De Hoop Nature Reserve is probably best known for the opportunity it offers for on-land whale watching. Ilona Kolbe took a day trip recently, and took some photgraphs that show other pleasures in this diverse region.
The reserve doesn’t feature the “Big 5”, which makes it an extra special space for walkers, joggers and cyclists who appreciate the outdooors and are careful about stepping on the rare fynbos and other flora in park.
Booking or planning for quieter times pays off.
Ilona took her daytrip on a Thursday, hoping that the park might be quiet. It was, though there were more visitors than expected. This never spoilt the trip.
Through the Lens
Photographs © Ilona Kolba, used with kind permission
Ilona spotted many babies in reserve, a sign that the habitat is well balanced, but they are fun to watch, too.
Primates groomed themselves by an emerald algae green pool, while some of the youngsters foraged. A baby bontebok was less adventurous and stayed close to its mother.
Out and About
Eland near the water reminded the photographer of Namibia (except for the water), a country she loves dearly.
The seascape with the building on the left shows part of the reserve. De Hoop stretches 5kms out into the sea.
My husband often says that you will never see a thin zebra, apparantly this applies to the Cape mountain zebra, too. The browner coloured one in the photograph is the baby.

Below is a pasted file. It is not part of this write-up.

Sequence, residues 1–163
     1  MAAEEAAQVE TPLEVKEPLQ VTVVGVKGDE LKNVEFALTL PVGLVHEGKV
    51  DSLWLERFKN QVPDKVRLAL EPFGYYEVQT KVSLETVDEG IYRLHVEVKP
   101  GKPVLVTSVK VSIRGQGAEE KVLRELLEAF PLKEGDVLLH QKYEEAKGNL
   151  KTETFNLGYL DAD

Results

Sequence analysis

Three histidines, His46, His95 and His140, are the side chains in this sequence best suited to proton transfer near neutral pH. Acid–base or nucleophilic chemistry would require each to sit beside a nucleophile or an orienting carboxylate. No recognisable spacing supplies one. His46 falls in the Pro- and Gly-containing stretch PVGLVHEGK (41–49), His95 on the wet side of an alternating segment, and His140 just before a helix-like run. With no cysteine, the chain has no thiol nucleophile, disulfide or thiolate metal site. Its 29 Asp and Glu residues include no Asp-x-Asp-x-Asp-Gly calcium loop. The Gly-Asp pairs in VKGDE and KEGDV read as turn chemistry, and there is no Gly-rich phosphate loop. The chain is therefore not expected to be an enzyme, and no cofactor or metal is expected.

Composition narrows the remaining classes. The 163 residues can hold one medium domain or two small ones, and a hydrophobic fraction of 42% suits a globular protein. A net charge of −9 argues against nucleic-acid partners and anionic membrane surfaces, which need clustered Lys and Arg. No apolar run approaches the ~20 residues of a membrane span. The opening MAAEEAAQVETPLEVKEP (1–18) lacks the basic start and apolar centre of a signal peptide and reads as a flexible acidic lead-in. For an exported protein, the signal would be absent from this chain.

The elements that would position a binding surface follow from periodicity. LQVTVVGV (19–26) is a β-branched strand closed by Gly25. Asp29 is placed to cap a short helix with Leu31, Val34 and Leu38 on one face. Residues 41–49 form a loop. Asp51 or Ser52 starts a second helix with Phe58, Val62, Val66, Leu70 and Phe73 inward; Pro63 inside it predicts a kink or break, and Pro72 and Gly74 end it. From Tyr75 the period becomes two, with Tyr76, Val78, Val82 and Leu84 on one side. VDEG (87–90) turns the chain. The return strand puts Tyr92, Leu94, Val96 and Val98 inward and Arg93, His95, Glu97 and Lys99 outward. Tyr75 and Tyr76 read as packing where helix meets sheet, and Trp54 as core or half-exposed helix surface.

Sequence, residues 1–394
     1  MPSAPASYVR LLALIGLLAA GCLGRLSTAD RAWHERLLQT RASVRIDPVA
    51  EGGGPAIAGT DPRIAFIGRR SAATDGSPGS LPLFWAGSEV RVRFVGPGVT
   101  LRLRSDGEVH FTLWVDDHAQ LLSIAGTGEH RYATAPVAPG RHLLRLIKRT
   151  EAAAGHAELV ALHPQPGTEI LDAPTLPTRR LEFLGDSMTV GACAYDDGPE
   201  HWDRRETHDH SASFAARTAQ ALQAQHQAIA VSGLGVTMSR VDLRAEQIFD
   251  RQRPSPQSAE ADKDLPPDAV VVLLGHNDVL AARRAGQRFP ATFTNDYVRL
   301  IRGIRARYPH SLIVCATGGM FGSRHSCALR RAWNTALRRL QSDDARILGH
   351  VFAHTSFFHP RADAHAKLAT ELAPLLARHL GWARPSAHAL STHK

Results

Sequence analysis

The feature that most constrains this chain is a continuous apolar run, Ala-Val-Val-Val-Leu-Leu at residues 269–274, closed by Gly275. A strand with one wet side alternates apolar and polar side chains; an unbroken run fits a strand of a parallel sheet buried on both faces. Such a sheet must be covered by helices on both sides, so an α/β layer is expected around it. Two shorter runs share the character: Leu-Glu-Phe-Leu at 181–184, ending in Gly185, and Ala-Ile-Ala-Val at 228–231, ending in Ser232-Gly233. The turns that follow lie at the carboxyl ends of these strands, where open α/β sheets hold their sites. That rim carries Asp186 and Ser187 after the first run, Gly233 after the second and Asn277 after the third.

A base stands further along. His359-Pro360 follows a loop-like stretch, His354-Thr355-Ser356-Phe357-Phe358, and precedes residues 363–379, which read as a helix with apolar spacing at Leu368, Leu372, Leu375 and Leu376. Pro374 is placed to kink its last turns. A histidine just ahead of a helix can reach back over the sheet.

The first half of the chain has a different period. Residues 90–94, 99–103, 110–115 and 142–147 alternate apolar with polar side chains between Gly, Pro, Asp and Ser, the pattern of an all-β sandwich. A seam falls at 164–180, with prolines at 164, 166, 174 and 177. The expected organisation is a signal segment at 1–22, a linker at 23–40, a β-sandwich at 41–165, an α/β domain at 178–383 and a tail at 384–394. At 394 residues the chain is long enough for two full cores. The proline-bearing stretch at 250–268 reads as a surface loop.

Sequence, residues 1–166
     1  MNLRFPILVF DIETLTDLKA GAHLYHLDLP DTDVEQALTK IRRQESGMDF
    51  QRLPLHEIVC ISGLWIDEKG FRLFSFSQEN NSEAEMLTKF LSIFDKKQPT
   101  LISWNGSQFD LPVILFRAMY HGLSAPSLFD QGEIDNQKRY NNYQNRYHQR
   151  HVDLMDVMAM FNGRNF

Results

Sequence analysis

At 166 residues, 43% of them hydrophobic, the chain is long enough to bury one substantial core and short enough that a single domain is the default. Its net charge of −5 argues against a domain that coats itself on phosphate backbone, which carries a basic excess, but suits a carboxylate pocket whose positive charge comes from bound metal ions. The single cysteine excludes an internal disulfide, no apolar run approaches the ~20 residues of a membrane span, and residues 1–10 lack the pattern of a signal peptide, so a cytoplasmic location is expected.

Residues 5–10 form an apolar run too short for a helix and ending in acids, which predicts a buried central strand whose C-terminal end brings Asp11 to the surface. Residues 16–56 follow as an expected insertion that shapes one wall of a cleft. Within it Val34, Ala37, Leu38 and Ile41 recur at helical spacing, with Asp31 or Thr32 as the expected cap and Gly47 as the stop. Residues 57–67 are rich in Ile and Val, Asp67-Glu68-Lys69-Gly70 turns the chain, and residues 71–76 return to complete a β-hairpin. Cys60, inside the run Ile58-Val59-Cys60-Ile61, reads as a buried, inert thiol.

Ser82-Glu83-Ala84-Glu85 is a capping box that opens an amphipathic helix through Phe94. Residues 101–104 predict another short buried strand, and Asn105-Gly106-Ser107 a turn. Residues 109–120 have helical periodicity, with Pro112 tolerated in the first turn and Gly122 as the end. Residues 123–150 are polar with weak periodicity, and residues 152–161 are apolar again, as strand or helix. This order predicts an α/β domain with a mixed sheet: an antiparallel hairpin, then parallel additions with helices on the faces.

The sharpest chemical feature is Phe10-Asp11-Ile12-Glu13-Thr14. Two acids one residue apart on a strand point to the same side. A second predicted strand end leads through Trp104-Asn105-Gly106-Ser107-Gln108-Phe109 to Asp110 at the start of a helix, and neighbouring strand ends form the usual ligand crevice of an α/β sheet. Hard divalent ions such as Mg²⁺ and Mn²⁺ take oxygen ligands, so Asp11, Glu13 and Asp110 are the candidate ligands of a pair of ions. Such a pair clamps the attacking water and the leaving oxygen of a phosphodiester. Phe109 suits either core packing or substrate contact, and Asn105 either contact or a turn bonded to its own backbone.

The ostrich reminds me that there are many ways to view our world. A helpful tip for me, while I hone my skills – Dodging the news might become a new art form!
The vlei shows the diversity and unique beauty of the area.
Hoopoe are sometimes (according to the RSPB) seen in spring in the UK – when they overshoot their migration. I haven’t spotted one yet, but you never know. The one pictured in the tree is a real beauty.
The pilot training manoeuvres in the sky never disrupted the birds synchonised in their water sweeps, nor the little bird sitting on the wooden poles welcoming visitors at the gate.
Eland are abundant, and the herds are big and healthy. The youngster eating happily explains why – Healthy greens on demand.
The hammerhead heron is “min gepla” (or largely untroubled) by the huge beasts around him or her.
A male ostrich is babysitting. If you look closely you can see the young ones under his feet. Despite their camouflage, they are there, need protecting, and know where they are best off.
Finally, The picture of the vista is the scene on entering the reserve.